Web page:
All relationships have conflict. In fact, “fighting,” as it were, and engaging in debate are actually healthy elements of any love connection. However, major conflicts and life crises, both inside and outside of the relationship itself, are an entirely different ballgame.
These are the real litmus tests of your union. These are the challenges that make and break pairings and therefore represent the most important times to carefully consider your actions and reactions to one another. Successfully navigating the crisis zone in your relationship is like any other “test” that you will undergo. It involves several key tools and strategies.
1. Get to the Root of the Crisis
Being “in crisis” and truly understanding the nature of that crisis are two different things. In order to successfully solve your issues you must first fully understand them. By taking time to analyse what is really wrong, rather than simply react to it, you also uncover the path towards resolution.
2. Address Your Issues
While there are times when keeping your mouth shut is the best way to handle crisis (i.e., when your in-laws visit), many times. avoidance is incredibly damaging. When you have a problem, such as career instability, pretending it doesn’t exist only delays the inevitable and ensures that you are under prepared for a layoff, for example.
It is important to tackle conflict head-on, to be mature about the less pleasurable aspects of your life and to look to your partner for support in doing so, rather than keep him or her in the dark.
3. Avoid Placing Blame
When you are stressed out due to a crisis, it is natural to want to shift the blame away from yourself. However, even if he is “at fault” for, say, charging too much on the credit card, focusing on that blame doesn’t change the situation or suggest a resolution. It is far better to discuss what is really at hand (emotional spending, perhaps?) and find the solution to the real problem, regardless of who is at fault.
4. Don’t Take Out Your Frustrations on One Another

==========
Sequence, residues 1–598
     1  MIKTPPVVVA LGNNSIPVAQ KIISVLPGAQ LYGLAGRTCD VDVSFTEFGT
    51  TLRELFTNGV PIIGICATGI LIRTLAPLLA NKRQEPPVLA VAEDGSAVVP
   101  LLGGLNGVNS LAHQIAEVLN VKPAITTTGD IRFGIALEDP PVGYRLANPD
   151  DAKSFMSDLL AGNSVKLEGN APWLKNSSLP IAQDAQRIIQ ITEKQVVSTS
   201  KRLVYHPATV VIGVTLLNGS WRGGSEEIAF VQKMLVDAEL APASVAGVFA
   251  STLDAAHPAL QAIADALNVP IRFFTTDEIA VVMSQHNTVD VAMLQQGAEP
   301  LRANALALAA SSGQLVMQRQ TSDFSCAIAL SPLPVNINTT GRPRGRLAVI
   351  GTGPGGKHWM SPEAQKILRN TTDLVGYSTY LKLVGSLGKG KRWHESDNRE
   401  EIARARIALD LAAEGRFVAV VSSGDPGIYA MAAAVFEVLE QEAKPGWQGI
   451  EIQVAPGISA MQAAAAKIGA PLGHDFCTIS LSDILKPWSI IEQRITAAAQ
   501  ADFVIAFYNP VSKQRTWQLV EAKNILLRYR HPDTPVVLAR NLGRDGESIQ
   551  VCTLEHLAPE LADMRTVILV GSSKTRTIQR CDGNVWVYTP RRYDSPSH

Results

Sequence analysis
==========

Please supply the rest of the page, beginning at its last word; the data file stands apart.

If a crisis is external to the relationship, such as a conflict at work, taking out your frustration on your partner is counterproductive and unfair. Your partner is there to support you, not to bear your burdens and frustrations. Talk, vent, yell at the world in front of your partner, not at her. Then, allow her to help you work through the real issues.
5. Support One Another
On a similar note, being one another’s support system is absolutely essential for a healthy relationship –especially when conflicts are external, such as family conflict. Presenting a united front, regardless of your closed-door disagreements over the issue, is critical for relationship strength. In the same breath, it is also important to serve as one another’s sounding board, helping each other to understand the conflict and work through solutions in a safe, non-judgmental space, away from others.
6. Practice Patience
Crises are, by definition, all-consuming. When the wind turns stormy, many people cling to fear and feel helpless. However, the only thing consistent about life is change.
Oftentimes, crises blow over with time. At the very least, the perspective of a day, a week, a month, etc. can make the issue seem less pressing. Avoid making hasty decisions due to temporary discomfort and learn when saying nothing is the best “solution” to your problems.
These are all key factors to consider to help you get through some major rift in the relationship. It is, however, not uncommon to still not know what to do. If that’s the case, sign up for Brad Browning’s coaching program to get some guidance into your relationship. Best of luck!